New York City’s specialized high schools will have even fewer Black and Latino freshmen this fall as admission rates for those students have declined to 9% of all seats, the lowest rate of the past three years, the Department of Education said Thursday.
The drop in specialized school admission rates of Black and Latino students — compared to 11% last year and to 10.5% in 2019 — comes after fewer students this year took the Specialized High School Admissions Test that is the sole way of gaining admission to the schools, the DOE said, pointing to the pandemic and an exodus of 43,000 students from the system as factors.
Last year, 27,800 8th graders took the test, while 27,500 students took the test in 2019. This year, about 23,500 8th graders took the entrance exam and 4,262 received an offer to one of the specialized high schools.
Still, this year’s numbers add fuel to the fiery debate over whether the entrance exam for the specialized high schools, which include Bronx High School of Science, Stuyvesant High School, and the Brooklyn Latin School, has a discriminatory impact.
In a school system whose total enrollment, according to the DOE’s 2019-2020 data, is 41% Latino, 22% Black, 18% Asian and 15% white, the specialized high schools have grown disproportionately Asian and white over the past years.
At Stuyvesant High School, only 8 Black students and 20 Latino students out of 750 admitted students got in for this fall, compared to 493 Asian students and 152 white students, according to DOE data. At Brooklyn Tech, the country’s biggest high school, 64 Black students and 76 Latino students were admitted out of 1,607 freshman seats, while 844 Asian students and 499 white students were admitted. One Black student and 7 Latino students were admitted to Staten Island Tech out of 281 seats.
These trends have remained stubbornly consistent, despite the city’s recent efforts to boost integration by expanding free test prep and enrichment—for example, this year’s enrollment at Bronx Science was 7% Latino, 3% Black, 64% Asian and 23% white. The rates of Black and Latino students taking the test have also declined since 2018.
The city’s education officials have vocally opposed the admissions test, which is required under state law — during the early 1970s, the state legislature enshrined the tests into law amid a push to integrate Stuyvesant, Brooklyn Tech, and Bronx Science high schools.
Mayor Bill de Blasio has advocated for an expansion to the specialized high schools’ admissions requirements beyond the test, and in 2018 he proposed eliminating the test entirely in exchange for moving to admit the top 7 percent of students from across the city instead.
“Until the test is abolished, thousands of diverse, high-potential students will continue to face barriers to specialized high schools,” said Danielle Filson, spokesperson for the DOE, in a statement.
On Thursday, Chancellor Meisha Porter called the decline “unacceptable” and evidence that the test is broken.
“I know from my 21 years as an educator that far more students could thrive in our Specialized High Schools, if only given the chance. Instead, the continued use of the Specialized High School Admissions Test will produce the same unacceptable results over and over again, and it’s far past the time for our students to be fairly represented in these schools,” Porter said in a statement. “The State law that requires the City to administer the exam must be repealed so we can partner with our communities to find a more equitable way forward, and do right by all of our children.”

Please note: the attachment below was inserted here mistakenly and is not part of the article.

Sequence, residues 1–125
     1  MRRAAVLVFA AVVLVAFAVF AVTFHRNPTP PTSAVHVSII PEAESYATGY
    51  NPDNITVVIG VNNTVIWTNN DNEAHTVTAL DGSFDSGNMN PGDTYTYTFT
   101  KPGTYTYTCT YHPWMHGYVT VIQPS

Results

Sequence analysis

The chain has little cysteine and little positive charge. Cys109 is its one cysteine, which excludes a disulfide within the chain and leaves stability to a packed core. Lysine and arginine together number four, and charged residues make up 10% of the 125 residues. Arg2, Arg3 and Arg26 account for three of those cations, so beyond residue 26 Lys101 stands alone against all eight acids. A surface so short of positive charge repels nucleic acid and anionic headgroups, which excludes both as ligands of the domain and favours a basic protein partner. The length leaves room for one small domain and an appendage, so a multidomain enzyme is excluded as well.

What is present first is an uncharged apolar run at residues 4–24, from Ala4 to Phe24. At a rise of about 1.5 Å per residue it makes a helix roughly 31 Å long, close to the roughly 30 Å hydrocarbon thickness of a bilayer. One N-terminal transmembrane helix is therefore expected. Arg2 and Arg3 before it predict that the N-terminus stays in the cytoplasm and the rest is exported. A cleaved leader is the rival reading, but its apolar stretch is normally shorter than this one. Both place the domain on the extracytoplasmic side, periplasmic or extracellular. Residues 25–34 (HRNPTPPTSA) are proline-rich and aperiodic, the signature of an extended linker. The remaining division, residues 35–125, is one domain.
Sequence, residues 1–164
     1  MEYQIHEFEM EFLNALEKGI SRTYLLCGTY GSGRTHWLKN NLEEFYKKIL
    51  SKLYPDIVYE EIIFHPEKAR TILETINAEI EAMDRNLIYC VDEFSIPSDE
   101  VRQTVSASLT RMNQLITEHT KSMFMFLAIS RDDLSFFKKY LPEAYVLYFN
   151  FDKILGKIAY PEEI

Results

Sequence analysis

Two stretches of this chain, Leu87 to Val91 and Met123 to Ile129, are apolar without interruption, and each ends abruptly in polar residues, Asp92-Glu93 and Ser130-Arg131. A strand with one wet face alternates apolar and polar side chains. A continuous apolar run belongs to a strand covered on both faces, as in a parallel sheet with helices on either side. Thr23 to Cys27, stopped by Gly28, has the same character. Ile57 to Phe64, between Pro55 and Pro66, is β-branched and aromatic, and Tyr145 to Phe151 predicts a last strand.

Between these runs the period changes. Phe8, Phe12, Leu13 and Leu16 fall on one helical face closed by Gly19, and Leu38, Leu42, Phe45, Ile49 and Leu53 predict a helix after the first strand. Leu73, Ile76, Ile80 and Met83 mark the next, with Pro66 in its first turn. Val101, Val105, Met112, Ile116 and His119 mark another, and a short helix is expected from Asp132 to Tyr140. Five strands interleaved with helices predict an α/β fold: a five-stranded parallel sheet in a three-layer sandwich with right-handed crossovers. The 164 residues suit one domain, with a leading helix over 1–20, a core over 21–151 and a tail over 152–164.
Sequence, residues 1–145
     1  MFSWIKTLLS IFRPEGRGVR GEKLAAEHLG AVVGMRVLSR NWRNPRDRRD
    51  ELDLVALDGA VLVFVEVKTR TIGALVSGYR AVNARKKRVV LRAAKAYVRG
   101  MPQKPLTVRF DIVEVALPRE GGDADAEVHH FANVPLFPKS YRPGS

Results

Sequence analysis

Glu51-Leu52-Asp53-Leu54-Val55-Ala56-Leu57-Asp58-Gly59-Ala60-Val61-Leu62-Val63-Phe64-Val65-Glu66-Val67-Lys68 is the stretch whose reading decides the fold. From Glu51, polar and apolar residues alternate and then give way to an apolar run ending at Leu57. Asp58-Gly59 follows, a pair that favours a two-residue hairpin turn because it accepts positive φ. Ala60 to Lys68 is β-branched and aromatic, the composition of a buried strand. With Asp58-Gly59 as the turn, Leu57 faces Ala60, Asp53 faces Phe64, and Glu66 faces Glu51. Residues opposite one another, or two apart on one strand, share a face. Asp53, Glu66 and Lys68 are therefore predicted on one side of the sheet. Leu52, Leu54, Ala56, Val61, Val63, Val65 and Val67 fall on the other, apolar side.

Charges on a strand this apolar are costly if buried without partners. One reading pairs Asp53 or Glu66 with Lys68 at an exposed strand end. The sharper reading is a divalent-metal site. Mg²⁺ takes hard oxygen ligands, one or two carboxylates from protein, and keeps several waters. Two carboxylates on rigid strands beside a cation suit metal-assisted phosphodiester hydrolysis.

Tom Sheppard, a member of the city’s de facto school board the Panel for Educational Policy, is an alum of Brooklyn Tech and said he appreciated the education he received there.
“I definitely understand the benefits of our specialized high schools. I get it,” he said Thursday. “I just think that we have a system that is set up so that certain kids can’t get in.” Sheppard added that the process is “not normal, it just is not fair, by any stretch of the imagination.”
The de Blasio administration’s open hostility to the test has led to the DOE failing to inform students of free test prep opportunities, said Lucas Liu, a member of District 3’s Community Education Council and co-president of PLACE NYC which supports the specialized high schools. The admission test is not the problem, but rather the failure of adequate education to do well on the test, Liu said.
“If you provide the same quality education to all kids starting in elementary school, so when they get to middle school and they’re going to take that screening test, they’re ready,” Liu said Thursday. “But they don’t do that and they use the test to say it’s racist, versus the test is highlighting which students you’re not educating properly.”
Roberto Quesada, a tenth grader at Brooklyn Tech and an organizer with the youth-led advocacy group Teens Take Charge which is fighting to abolish the admissions test, said he was “horrified” by the data.
“It feels awful, but I’m also not surprised,” he said. “Many prestigious universities and high schools, across the country, and in New York City, use various factors in admissions besides a single exam,” he added. “Besides changing the exam, I think we need reforms in elementary and middle schools,” including more equitable funding for schools in Black and Latino communities.
The upshot of the fury over the admissions process has meant a lonely time for Quesada at Brooklyn Tech, he said: “There’s a lack of students who look like me or share cultural roots.”